Applications for credit cards have spiked by 13.5 per cent in the March quarter, says credit information company Veda.

Consumer confidence in credit cards has been buoyed by the Reserve Bank’s decision to leave interest rates on hold and innovative offers from the banks.

Angus Luffman, general manager of Veda, says that credit card applications are the strongest they have been since 2006; yet overall debt remains about the same.

Zero interest balance transfer deals, contactless payments, and the ease and flexibility of credit have been very appealing to Australian consumers. Moreover the official interest rate cut, spilling over from February, means “a lot of major credit card issuers are running low-interest or balance-transfer campaigns at the moment,” said Mr. Luffman.

The Reserve Bank is keeping a very close eye on Australian household debt. Recent figures reveal the nation currently owes a combined $51 billion on credit cards alone. Of this $33 billion is accruing interest.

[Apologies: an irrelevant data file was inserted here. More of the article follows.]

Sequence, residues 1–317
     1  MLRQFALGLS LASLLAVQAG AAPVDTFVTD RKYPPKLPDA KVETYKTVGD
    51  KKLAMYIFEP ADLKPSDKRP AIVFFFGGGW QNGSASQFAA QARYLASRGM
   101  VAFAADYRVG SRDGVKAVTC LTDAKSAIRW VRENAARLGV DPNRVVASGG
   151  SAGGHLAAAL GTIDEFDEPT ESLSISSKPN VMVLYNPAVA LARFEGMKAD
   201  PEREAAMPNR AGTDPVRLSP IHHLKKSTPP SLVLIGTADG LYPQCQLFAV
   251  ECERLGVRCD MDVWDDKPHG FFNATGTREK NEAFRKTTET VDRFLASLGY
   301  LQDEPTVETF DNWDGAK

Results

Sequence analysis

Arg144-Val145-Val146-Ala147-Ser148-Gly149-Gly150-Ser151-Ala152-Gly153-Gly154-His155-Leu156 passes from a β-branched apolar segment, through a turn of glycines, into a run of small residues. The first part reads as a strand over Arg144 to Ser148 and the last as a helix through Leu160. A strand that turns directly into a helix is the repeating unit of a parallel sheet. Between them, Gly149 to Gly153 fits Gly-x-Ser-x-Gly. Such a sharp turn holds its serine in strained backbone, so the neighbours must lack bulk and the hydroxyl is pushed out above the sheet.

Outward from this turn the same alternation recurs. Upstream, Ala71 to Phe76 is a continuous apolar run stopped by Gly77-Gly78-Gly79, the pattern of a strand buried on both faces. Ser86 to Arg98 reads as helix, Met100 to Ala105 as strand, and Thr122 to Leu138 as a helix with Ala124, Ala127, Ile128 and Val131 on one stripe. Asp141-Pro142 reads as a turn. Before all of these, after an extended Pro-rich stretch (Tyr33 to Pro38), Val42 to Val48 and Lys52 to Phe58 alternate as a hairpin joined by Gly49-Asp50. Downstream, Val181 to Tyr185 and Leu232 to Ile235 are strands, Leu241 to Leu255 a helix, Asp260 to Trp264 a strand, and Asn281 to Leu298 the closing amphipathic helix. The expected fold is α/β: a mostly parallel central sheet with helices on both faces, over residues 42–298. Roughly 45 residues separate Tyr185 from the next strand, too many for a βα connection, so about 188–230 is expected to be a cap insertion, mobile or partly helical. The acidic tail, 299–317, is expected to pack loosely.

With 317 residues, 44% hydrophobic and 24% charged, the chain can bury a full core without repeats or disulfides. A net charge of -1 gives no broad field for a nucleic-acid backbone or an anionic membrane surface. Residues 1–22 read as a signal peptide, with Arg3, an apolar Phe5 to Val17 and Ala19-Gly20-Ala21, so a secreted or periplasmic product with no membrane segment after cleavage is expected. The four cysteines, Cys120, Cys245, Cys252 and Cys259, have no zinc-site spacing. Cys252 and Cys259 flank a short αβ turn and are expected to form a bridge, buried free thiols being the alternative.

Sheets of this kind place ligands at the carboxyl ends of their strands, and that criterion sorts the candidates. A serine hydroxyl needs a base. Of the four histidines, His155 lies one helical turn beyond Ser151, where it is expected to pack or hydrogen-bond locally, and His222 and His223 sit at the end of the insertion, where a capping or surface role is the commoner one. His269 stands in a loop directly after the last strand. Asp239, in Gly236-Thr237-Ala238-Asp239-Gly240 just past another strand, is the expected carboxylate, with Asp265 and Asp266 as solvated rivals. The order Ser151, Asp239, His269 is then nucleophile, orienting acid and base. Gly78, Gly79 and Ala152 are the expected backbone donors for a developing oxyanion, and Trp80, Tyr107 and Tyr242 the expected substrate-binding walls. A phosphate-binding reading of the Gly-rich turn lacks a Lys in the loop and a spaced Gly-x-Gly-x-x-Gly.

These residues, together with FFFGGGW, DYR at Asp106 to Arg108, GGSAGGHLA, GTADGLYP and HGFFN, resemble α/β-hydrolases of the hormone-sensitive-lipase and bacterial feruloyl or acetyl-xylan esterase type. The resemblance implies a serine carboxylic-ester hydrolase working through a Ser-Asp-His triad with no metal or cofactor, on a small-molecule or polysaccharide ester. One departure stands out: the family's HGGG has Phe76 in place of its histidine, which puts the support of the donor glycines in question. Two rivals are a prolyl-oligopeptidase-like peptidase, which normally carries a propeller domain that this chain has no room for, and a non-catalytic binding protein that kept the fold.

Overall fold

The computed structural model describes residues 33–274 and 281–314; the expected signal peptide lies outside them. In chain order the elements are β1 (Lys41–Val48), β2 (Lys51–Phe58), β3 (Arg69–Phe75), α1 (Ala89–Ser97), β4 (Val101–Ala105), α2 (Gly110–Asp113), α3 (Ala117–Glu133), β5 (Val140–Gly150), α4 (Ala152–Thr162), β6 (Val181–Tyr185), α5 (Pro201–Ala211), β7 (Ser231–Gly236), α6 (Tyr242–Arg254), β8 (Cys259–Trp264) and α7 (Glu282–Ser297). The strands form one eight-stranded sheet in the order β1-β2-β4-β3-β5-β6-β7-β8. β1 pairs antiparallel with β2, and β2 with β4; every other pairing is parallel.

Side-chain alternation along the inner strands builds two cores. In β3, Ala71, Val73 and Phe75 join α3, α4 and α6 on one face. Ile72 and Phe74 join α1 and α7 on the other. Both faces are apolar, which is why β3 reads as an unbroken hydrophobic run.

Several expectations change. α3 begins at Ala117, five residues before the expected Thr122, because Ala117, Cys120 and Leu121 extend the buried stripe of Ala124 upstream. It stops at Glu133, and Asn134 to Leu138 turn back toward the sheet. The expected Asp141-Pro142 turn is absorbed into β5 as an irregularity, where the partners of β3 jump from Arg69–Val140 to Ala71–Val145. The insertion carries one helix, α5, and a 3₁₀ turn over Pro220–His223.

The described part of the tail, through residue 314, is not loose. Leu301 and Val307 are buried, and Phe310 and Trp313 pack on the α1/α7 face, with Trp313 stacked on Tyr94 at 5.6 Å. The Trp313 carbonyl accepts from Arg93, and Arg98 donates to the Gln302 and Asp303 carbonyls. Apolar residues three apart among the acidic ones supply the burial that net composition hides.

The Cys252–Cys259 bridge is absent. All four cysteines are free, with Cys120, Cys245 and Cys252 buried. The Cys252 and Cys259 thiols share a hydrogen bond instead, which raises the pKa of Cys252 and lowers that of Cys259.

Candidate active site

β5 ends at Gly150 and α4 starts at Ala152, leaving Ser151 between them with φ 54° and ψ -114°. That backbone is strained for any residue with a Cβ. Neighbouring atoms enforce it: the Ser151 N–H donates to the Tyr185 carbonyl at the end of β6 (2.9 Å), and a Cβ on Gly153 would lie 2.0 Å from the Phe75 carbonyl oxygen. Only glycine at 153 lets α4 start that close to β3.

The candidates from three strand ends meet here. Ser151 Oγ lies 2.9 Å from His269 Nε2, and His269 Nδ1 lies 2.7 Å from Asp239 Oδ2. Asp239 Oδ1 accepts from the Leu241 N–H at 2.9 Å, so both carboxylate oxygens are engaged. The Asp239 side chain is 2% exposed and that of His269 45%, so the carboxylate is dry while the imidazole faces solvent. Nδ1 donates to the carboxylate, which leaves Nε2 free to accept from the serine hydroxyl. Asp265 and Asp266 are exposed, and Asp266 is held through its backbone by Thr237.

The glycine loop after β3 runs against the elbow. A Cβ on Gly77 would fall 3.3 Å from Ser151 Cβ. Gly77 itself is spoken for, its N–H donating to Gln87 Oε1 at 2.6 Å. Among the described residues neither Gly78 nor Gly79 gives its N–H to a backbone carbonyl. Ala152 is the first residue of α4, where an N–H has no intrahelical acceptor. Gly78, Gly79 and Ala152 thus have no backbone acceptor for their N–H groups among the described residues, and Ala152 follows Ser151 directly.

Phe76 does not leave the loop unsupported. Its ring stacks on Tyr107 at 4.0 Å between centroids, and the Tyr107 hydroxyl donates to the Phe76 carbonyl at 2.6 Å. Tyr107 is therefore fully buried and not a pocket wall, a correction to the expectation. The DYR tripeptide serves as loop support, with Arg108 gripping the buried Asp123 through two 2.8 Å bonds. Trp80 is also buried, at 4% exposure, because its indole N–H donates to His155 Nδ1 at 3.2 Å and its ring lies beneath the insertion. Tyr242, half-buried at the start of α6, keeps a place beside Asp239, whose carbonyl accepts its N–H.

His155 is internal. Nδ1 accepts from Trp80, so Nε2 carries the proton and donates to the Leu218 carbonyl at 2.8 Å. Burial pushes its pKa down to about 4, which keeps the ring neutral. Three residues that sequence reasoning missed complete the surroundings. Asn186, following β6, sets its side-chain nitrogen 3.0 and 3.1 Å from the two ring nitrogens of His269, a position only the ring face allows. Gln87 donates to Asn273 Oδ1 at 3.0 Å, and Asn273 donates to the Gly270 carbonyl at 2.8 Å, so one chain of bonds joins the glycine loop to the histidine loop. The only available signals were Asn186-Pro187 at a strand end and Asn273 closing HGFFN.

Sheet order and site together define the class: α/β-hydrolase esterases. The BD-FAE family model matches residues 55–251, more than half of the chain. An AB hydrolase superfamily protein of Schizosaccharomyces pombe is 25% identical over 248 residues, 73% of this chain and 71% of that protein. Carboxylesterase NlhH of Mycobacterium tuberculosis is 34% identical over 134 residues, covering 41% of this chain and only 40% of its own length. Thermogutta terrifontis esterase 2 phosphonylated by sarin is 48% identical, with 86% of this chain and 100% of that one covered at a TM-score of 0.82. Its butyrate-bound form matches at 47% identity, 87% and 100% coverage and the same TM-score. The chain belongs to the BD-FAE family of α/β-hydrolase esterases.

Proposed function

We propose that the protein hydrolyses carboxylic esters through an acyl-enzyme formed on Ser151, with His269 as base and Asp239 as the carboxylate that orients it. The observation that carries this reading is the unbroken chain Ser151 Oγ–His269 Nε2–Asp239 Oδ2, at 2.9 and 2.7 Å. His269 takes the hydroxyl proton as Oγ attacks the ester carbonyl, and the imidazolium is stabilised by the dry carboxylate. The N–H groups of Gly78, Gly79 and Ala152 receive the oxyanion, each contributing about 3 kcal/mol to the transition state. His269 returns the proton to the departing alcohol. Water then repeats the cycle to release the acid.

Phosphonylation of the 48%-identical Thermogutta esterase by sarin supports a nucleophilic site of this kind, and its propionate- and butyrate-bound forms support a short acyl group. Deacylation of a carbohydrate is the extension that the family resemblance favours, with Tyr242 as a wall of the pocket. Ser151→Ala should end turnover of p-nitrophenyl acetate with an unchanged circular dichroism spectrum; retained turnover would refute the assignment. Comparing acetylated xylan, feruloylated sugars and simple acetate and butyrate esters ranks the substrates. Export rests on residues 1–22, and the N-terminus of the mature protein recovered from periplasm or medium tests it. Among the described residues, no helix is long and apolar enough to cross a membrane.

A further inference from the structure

With average credit card interest rates varying between 17 and 20 per cent, providers are raking in a cool $540 million each month.

Despite the huge profits financial analysts believe the current competition is good for consumers. “We are seeing much better offers being brought to the market,” said David Boyd, co-founder of creditcardcompare.com.au. “You have got zero per cent for up to 24 months on a balance transfer.”

But Mr Boyd warned that credit cards are like a double-edged blade – they can cut you when used improperly. “Credit cards are wonderful when used properly, but if people aren’t diligent and disciplined in how they use these things they can burn a hole in your pocket.

“Always pay more than the minimum repayment. Don’t get trapped in the cycle of just repaying the minimum term as it will take forever to pay off.”

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